Three blocks south of where I took the above photo is the 519 Community Center, Cawthra Park and the AIDS Memorial.

The AIDS Memorial. On the reverse side of these pillars are plaques (one for each year since the epidemic began) on which are the names of those who passed away during that year.

A part of the large crowd which gathers on the Thursday evening of Pride Week for the Memorial Service.
                                            Solemn magic descends as the candles are lit.

Moving further south the heart of the 'Gay Village' is the intersection of Church and Wellesley Street East.
There are Gay owned businesses north of Wellesley Street but most of them are found south of this spot.

Two and three blocks south of the above spot are Alexander and Wood Streets respectively which are named after an early settler who came to Toronto from Great Britain - Alexander 'Mollie' Woods. His land grant was in the area that now comprises the Church/Wellesley Village. A few years ago, the local Business Improvement Association commissioned a nearby artist to create this statue which is much admired. Yes - he was notoriously gay!

                                                          Alexander 'Mollie' Woods
Wood Street passes along the north side of the iconic Maple Leaf Gardens (the south side is on Carlton Street). Maple Leaf Gardens was replaced by the Air Canada Center a number of years ago and it is situated closer to the lakefront and near the Skydome/Rogers Center. When this occurred many of us were left wondering what would become of the old building? The answer was to turn it into a Loblaws Superstore (for non-Canadians - the country;s largest supermarket chain.).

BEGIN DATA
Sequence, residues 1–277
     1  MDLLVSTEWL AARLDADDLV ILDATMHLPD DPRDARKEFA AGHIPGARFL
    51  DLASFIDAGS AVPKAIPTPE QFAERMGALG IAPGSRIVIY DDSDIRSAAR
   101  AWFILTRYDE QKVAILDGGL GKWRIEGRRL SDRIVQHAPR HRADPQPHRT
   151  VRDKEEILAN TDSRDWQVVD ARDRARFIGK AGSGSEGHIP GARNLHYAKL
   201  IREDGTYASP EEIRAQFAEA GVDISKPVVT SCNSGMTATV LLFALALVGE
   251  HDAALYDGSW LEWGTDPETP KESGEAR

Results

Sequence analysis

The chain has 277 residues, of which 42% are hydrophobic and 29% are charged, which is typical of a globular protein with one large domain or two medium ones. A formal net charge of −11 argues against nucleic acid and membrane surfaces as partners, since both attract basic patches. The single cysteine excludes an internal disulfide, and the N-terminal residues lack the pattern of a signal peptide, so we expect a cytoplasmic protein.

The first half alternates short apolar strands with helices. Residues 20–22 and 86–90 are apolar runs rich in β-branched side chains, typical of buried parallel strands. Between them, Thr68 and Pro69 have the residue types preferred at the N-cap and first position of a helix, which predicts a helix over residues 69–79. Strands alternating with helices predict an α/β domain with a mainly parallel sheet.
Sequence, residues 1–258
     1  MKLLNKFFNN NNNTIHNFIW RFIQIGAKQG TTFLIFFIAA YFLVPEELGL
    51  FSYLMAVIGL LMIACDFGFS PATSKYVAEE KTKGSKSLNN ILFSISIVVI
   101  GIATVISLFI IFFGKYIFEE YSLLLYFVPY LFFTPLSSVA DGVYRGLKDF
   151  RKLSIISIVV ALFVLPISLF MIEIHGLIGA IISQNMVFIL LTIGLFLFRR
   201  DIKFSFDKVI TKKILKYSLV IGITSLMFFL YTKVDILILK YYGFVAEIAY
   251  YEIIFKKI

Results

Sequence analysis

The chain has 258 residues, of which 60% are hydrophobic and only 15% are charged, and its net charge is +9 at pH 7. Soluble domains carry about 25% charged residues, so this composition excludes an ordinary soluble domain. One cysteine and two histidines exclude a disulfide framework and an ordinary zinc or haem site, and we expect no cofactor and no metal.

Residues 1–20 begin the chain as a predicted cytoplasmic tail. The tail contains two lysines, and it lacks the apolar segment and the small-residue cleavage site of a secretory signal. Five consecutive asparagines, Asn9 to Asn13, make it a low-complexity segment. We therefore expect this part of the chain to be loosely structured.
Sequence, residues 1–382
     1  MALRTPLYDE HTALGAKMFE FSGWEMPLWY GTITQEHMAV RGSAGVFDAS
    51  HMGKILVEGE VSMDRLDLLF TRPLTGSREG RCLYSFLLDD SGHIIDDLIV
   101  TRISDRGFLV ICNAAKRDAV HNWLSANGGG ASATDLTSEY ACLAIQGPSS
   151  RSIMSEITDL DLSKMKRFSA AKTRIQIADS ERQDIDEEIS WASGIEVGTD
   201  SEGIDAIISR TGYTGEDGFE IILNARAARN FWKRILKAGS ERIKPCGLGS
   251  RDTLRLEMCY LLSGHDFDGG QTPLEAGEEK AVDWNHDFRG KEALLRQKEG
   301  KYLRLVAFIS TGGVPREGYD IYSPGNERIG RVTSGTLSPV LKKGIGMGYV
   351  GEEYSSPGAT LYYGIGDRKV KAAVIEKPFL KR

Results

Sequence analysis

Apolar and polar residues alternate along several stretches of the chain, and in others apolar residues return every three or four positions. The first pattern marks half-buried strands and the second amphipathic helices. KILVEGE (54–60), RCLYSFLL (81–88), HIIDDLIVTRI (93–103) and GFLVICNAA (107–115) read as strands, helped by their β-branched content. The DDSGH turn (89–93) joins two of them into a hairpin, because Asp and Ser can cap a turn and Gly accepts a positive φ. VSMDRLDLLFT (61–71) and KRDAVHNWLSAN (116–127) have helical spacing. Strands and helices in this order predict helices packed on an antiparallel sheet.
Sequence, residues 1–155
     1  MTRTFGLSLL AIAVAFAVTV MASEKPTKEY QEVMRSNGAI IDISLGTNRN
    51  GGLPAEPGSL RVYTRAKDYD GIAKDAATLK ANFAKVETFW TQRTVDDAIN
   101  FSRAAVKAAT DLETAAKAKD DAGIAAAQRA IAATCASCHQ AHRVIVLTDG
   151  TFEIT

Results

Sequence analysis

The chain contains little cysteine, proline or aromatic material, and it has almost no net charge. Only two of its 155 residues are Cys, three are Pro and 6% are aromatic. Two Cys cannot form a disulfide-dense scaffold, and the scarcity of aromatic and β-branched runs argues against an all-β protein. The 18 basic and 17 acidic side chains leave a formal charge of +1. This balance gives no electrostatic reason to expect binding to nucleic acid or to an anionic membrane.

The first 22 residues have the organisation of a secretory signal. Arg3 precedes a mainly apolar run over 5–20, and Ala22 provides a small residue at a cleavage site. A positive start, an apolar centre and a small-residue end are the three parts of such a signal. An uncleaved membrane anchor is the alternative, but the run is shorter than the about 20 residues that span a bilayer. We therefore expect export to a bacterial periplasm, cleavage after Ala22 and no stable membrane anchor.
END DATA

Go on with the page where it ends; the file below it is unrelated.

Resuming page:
Maple Leaf Gardens

I am now returning to the building where I live and will go west and south from here.

On the south side of the complex - in which I live - is St Mary Street which extends from Yonge Street to the gates leading into the grounds of Victoria College/University. At the time of this writing, the south side of St. Mary Street is a mass of construction (a large condominium and town house complex). Past the construction is St Micheal's University/College while, on the north side, is Loretto College which is a residence for female university students. 

                                               Loretto College clad in winter snow.

                    St Michael's College and the spire of St Basil R.C. Church covered in snow.

The grounds of St Michael College have many lovely trees - especially when they are displaying autumn foliage.

                            The end of St Mary Street and the gate to Victoria College/University